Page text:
Eulogy for Ms. Darasha: the best kind of teacher, the best kind of woman

On Wednesday 2nd May, 2012, Shirin Darasha, the principal of J.B. Petit High School for Girls for over thirty years, passed away. Across Facebook, Twitter and mobile phones, JB girls old and young stop to think about the woman who shaped our thinking and identity in some obvious and some dimly perceived ways.

Ms. Darasha was an intimidating woman. She had a way of making you conscious of errant curls and drooping sashes. You found yourself standing taller, straighter, with a fervent desire to do the right thing. We aspired for her regard. Winning it was a heady rush of confidence.

The lessons we learned in JB were not typical. In Class VII we learned about stereotypes and ethnocentric statements. The following year we made advertising “pitch books” on harmful stereotypes of women in advertisements and matrimonials. It ended with English class poetry celebrating the beauty of dark skin. My sister’s science text books came from Kenya, not the United States. Why not learn with pictures of black children doing science experiments, Ms. Darasha asked. It was only in university that i read Cornell West, Eli Wiesel, Edward Said and others who have shown the criticality of reflecting minority identity in everyday imagery to fight the isms of the world: racism, sexism, imperialism, casteism.

The values of J.B. Petit are not Ms. Darasha’s alone. But she had the genius of bringing together people who believed in questioning the status quo in an education system where blind obedience is often the norm. Gandhi’s birthday? No reason for a holiday – the Mahatma would have preferred to be remembered with hard work. Head Girl and Student Government President? Elected by the school, complete with campaigns, posters and speeches. Every 10th standard girl wore a Prefect badge because by then “you better be a leader”. Teachers performed for students on Teachers Day, dressed up in our uniforms, mimicked our behavior on stage as we laughed uproariously in the audience. Drives to raise money for the sick child of a nursery school teacher, the dead father of a peon and after the Ayodhya riots, “I want you to feel angry and translate that anger into raising money for victims”. We raised our own funds for our school play. And yet, J.B. remains one of the few schools in Bombay that does not take donations for school admissions.

My favorite memory of Ms. Darasha is a composite one: her booming voice on the school intercom, her bright ikkat print sari flashing in the sunlight of her whitewashed office. Her doors were always open and before you enter, you stop to admire the artwork. A black and white portrait of Nuriyev frozen in motion. A saying by Mahatma Gandhi, “humanity is my religion”. A photograph of a black boy and a white boy arm in arm,”The blind are also colour blind”. A red sticker on the door with the “ali” of Diwali and the “ram” of “Ramzan” highlighted. A yellowing “Bombay Meri Jaan” sticker and below it all, a smiling fat cat that says, “I’m so special no one wants my job!”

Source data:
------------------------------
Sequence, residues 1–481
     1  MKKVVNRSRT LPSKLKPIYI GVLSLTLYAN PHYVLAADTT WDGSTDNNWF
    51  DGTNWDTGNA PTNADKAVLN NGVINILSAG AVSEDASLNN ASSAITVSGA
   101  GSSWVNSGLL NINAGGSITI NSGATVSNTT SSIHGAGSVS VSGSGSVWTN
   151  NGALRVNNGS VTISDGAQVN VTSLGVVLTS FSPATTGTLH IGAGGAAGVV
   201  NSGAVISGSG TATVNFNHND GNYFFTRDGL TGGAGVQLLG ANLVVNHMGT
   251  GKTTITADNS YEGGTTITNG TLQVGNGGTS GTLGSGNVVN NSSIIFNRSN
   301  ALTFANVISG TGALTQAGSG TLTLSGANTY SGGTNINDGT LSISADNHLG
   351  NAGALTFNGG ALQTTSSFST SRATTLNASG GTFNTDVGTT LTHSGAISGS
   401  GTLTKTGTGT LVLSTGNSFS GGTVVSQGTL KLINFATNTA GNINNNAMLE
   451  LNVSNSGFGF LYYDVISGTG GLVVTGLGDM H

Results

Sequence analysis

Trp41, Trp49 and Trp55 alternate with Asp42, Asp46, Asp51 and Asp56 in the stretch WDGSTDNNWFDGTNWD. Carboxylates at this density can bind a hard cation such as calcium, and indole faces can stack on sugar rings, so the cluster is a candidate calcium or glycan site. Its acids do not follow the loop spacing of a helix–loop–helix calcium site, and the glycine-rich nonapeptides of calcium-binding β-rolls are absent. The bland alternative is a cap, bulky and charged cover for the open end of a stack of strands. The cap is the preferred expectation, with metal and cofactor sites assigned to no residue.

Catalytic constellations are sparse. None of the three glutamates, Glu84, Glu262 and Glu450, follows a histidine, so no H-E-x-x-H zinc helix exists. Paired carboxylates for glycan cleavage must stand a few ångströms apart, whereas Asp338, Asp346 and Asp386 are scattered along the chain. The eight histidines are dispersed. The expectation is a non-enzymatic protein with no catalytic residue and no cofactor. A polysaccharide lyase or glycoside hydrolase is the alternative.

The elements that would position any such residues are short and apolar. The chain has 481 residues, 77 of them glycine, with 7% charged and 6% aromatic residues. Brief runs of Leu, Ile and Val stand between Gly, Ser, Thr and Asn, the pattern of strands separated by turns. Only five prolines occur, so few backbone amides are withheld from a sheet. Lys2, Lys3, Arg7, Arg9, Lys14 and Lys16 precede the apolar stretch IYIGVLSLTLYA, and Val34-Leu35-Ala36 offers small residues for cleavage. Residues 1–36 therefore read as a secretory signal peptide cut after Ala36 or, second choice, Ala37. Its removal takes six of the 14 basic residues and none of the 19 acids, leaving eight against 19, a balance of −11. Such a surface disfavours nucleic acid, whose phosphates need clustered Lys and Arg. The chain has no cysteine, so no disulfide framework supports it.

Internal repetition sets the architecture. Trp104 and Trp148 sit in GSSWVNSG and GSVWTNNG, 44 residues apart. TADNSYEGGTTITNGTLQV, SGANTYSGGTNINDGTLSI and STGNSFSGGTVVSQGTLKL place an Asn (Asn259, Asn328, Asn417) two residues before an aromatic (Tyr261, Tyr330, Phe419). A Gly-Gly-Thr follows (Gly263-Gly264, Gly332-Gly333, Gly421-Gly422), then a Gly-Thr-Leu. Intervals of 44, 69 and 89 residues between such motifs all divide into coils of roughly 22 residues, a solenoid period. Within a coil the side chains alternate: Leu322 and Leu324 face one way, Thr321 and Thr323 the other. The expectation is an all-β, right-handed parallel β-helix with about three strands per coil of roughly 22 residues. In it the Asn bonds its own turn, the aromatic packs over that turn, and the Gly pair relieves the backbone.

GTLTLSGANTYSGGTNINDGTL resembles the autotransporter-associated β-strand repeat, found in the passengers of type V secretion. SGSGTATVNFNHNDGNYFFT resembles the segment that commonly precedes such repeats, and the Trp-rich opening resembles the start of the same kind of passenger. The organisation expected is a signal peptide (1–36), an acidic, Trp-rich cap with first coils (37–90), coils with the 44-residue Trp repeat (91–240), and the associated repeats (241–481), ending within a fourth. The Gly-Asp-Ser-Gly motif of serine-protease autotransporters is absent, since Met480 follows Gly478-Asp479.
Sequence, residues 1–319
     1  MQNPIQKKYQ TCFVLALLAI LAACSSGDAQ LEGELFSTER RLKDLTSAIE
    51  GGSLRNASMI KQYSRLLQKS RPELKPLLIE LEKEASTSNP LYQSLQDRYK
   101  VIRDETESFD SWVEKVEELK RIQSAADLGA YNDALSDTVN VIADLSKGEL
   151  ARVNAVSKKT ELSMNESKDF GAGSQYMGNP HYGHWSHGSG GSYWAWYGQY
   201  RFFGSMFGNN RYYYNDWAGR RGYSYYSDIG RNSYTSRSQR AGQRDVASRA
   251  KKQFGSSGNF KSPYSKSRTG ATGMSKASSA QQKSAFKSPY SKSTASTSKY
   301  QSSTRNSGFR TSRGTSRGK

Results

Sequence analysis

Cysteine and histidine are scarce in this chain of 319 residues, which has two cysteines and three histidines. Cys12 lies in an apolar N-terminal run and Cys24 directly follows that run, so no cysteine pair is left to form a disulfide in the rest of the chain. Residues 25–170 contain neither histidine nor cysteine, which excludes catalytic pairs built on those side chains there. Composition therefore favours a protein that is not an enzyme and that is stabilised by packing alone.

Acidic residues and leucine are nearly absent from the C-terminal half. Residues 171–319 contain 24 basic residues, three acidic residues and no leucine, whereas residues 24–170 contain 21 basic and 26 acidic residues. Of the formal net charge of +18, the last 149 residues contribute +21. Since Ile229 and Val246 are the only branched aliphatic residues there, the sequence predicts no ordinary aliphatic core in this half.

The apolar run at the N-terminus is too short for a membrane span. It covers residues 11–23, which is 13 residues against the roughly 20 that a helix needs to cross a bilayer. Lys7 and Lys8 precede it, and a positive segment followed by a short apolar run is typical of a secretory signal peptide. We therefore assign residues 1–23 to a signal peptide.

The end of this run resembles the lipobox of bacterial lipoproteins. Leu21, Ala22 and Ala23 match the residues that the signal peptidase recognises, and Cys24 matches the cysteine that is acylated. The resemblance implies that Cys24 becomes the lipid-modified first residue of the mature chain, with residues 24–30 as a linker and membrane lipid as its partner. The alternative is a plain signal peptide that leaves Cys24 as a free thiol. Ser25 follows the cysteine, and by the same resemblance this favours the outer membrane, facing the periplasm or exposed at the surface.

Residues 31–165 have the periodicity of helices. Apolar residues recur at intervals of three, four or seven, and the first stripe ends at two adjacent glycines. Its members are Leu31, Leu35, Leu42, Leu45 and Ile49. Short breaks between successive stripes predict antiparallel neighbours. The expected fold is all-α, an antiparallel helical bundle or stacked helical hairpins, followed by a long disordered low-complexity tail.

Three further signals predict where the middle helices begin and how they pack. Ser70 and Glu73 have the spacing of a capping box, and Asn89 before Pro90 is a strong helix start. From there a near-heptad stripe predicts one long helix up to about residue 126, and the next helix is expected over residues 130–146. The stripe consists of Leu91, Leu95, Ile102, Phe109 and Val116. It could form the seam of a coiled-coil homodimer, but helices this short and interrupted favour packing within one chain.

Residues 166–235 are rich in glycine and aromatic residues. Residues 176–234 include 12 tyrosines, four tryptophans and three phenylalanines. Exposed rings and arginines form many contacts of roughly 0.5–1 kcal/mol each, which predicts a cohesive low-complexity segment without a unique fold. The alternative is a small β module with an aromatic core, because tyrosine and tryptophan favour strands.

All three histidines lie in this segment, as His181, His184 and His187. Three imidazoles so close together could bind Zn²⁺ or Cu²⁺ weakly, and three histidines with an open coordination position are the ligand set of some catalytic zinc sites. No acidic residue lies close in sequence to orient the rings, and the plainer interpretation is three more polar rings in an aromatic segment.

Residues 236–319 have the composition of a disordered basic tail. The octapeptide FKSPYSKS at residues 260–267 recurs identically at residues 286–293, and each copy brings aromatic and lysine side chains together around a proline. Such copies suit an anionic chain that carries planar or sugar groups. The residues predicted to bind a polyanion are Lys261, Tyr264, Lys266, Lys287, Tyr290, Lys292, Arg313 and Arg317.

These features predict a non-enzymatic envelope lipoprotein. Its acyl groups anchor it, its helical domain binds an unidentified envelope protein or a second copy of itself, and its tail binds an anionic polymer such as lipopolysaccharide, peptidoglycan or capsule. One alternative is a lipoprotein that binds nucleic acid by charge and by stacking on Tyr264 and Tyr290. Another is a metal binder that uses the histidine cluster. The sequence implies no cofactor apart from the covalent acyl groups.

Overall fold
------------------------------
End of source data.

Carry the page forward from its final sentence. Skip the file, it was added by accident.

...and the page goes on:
In her office, you start to elocute for the hundredth time the speech she is helping you prepare for a debate competition. The door opens and a tiny girl from nursery school tiptoes into the offices and climbs into Ms. Darasha’s lap, her pink tiffin box dropping puffed rice on the floor, her minuscule frame lost in Ms. Darasha’s vast embrace.

“Ms. Darasha, Ms. Darasha!” she whispers, “They are killing a caterpillar.”

“I see,” says Ms. Darasha gravely. “Do you want them to kill the caterpillar?”

“No-o-o.” breathes the girl, contemplating Ms. Darasha’s face with owl eyes.

“Well,” says Ms. Darasha, depositing her back on the floor with a pat. “Then you must go and stop them from killing the caterpillar.”

The unsung victories of Ms. Darasha’s time at J.B. Petit are not its lawyers, writers, scientists, activists and businesswomen. It is the women we don’t read about, acts of courage hidden by the four walls of home. As girls we were taught to find our voice and fight for the caterpillar if we cared enough for it. As women, I hope that has translated into standing up for ourselves and each other when it is required. Most of all, I think Ms. Darasha’s hope for us was to recognize that the real truth of feminism was not just in women’s rights but in recognizing the universality of humanity across all divides.JB

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20 thoughts on “Eulogy for Ms. Darasha: the best kind of teacher, the best kind of woman

  1. Antara, you have captured her spirit beautifully! There are SO many things about Ms. Darasha that I respect and admire, that I wouldn’t be able to put them all down. But I guess it all comes down to the perfect ‘simplicity’ of her mindfullness over a caterpillar! Thank you for writing this, and for sharing it.

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  2. Dear Antara
    Ms Darasha must be smiling. For me her greatness lies in her humaneness -her large heart and vast embracing mind

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  3. Antara this was a perfect depiction of what Ms Darasha stood for and how it affected every living soul that passed her way…